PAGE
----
Needle BeamA steel or wood beam that is run through an opening in a bearing wall and used to support the wall and related loads as work on the foundation below the wall is performed.
Neutral AxisThe plane through a member (at the geometric center of the section in symmetrical members) where the fibers are neither under tensile nor compressive stress.
NFiPANational Fire Protection Assn., an international technical society that disseminates fire prevention, fighting and protection information. NFiPA technical standards include the National Electrical Code which is widely adopted.
NFoPANational Forest Products Association.
Noise Reduction Coefficient (NRC)A single number indicated by the amount of airborne sound energy absorbed into a material. The arithmetic average of sound absorption coefficients at 250, 500, 1000 and 2000 Hz.
NominalTerm indicating that the full measurement is not used; usually slightly less than the full net measurement, as with 2″ x 4″ studs that have an actual size when dry of 1&1/2″ x 3&1/2″.
Non-Conforming UseA particular use of land or a structure which is in violation of the applicable zoning code. Generally, if the use was established prior to the code rule which it contravenes, it may continue to exist.
NonbearingRefers to a structural part that does not carry a load.
Noncalcerous ClaysClays containing silicate of alumina, feldspar, and iron oxide.
NoncombustibleDefinition excerpted from the ICBO Uniform Building Code: 1. Material of which no part will ignite and burn when subjected to fire. 2. Material having a structural base of noncombustible material as defined, with a surface not over 1/8″ thick that has a flame spread rating of 50 or less. The term does not apply to surface finish materials.
Nondestructive TestingMethods of testing an item that do not destroy the item being tested.
NonferrousMetallic materials in which iron is not a principal element.
Nonheat-Treatable AlloysAlloys that do not increase in strength when they are heat treated but that do gain strength by the addition of alloying elements.
Nonprestressed UnitsConcrete structural members in which the reinforcing steel is not subject to prestressing or post-tensioning.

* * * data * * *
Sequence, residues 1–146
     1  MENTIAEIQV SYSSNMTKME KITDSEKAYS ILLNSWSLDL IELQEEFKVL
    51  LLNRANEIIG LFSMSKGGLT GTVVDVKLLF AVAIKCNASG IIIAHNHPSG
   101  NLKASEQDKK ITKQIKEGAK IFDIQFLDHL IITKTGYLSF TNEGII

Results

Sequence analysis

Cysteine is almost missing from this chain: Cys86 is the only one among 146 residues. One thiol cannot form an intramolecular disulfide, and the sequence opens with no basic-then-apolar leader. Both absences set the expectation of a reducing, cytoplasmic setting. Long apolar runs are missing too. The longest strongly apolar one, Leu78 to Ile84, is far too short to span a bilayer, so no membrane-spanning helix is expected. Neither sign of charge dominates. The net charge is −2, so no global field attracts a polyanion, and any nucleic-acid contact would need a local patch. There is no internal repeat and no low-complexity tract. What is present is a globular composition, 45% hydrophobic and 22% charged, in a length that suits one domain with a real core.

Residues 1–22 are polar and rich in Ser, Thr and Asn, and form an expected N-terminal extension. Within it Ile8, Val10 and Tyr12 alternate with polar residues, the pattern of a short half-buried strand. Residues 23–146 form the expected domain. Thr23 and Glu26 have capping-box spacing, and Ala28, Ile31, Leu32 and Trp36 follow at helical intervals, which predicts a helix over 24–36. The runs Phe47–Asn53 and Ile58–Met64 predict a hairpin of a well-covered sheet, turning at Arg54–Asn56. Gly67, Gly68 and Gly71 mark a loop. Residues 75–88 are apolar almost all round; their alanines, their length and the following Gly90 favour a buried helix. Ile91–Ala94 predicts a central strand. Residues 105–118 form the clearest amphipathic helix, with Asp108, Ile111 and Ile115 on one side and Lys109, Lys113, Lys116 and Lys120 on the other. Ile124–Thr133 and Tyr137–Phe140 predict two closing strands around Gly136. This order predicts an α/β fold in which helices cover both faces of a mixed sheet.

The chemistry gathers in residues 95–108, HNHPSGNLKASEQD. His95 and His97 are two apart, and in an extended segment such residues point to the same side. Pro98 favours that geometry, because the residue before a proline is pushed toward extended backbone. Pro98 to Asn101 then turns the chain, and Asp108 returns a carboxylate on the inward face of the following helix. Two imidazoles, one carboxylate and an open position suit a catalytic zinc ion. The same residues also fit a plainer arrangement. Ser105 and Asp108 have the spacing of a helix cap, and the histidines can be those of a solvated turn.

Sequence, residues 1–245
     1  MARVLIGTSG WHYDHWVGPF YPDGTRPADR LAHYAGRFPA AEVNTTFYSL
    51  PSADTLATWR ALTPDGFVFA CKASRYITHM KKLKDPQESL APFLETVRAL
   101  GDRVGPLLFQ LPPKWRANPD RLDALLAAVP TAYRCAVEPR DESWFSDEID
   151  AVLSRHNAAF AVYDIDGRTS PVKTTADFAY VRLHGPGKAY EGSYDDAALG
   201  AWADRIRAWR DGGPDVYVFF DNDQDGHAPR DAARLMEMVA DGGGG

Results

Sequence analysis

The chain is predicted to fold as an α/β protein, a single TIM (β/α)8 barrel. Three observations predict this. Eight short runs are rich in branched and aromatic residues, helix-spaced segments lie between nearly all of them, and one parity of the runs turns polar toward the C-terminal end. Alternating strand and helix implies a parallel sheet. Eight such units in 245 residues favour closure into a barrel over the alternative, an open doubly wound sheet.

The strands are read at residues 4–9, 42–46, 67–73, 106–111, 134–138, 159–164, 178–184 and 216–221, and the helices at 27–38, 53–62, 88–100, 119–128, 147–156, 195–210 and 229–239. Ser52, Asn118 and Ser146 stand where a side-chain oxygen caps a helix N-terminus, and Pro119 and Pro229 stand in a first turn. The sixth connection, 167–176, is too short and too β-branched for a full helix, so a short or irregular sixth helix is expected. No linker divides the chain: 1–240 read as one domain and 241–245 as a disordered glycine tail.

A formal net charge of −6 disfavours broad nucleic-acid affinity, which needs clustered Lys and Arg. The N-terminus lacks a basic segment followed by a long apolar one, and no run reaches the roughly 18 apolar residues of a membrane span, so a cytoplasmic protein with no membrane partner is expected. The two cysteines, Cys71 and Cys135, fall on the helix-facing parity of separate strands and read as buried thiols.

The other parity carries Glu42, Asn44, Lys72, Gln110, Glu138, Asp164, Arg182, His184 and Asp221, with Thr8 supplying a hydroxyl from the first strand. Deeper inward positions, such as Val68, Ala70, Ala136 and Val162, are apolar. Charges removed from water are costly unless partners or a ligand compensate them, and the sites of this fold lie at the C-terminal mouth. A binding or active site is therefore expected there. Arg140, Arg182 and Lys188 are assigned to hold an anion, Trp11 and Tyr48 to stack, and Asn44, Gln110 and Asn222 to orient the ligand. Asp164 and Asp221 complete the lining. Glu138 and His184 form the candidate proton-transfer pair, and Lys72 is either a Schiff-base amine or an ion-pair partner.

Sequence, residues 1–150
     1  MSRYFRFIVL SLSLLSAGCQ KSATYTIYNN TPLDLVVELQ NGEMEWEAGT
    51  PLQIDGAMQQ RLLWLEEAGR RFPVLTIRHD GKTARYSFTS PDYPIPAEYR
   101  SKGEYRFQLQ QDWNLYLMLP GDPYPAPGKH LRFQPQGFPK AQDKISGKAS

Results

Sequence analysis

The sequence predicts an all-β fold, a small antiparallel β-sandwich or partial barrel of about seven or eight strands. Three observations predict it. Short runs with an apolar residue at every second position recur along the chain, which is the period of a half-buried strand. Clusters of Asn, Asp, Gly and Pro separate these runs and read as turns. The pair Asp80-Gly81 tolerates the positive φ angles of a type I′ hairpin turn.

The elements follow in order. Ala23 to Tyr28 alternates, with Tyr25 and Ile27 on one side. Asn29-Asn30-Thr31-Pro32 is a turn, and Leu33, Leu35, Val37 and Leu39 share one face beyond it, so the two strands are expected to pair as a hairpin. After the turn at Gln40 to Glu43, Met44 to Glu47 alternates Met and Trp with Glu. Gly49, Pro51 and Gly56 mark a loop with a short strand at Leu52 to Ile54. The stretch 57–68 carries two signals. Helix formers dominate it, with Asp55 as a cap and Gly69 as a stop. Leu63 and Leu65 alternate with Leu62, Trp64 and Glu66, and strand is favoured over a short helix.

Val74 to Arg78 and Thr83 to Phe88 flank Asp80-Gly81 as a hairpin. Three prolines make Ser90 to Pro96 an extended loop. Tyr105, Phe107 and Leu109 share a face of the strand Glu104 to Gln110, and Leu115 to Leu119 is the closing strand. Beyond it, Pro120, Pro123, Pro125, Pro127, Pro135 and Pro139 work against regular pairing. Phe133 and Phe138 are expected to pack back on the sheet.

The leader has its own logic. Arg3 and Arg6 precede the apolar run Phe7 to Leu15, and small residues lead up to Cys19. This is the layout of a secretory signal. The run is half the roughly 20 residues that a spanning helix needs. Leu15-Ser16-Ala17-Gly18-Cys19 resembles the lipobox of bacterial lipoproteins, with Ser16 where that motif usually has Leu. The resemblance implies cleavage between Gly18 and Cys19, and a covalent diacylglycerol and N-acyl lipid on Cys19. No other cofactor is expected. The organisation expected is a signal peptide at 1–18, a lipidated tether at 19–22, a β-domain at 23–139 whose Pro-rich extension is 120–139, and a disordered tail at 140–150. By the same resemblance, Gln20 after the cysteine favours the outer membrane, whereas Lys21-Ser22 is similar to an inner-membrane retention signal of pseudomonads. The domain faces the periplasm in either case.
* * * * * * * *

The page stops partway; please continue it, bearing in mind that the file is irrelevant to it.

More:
NylonA synthetic plastic made from coal, tar, and water.
OakumA caulking material made from hemp fibers treated with tar.
OctaveInterval between two sounds having a basic frequency ratio of two. The formula is 2n times the frequency, where n is the desired octave interval. The octave band frequency given in sound test results is usually the band center frequency, thus the 1000 Hz octave band encompasses frequencies from 707 Hz to 1414 Hz (n = ± 1/2). The 1000 Hz one-third-octave band encompasses frequencies from 891 Hz to 1122 Hz (n = ± 1/6).
Oil-Based PaintPaint composed of resins requiring solvent for reduction purposes.
Opaque CoatingsCoatings that completely obscure the color and much of the texture of the substrate.
Open DrainageThe removal of unwanted water by means of surface devices.
Open-Web JoistA prefabricated steel truss made of welded members, used for floor and roof construction.
Organic MaterialA class of compounds comprising only those existing in plants and animals.
Oriented Strand BoardA panel made from wood strands that have their strand face oriented in the long direction of the panel.
Outlet BoxA box that is part of the electrical wiring system that contains one or more receptacles.
Overlaid PlywoodPlywood panels whose exterior surfaces are covered with a resin-impregnated fiber ply.
OverloadThe operation of electrical equipment in excess of the normal full-loaded electrical rating or of a conductor carrying current in excess of its rated capacity.
OxidationA reaction between a material and oxygen in the atmosphere.
Oxide LayerIn aluminum, a very thin protective layer formed naturally on aluminum due to its reaction to oxygen.
OxidizeTo convert an element into oxide, such as rusting steel.
PadAn approximately level building area.
PanA metal form used to form the cavities between joists in cast-in-place concrete floors and roofs.
PanelboardA panel that includes fuses or circuit breakers used to protect the circuits in a building from overloads.
Panelized ConstructionConstruction that uses preassembled panels for walls, floors, and roof.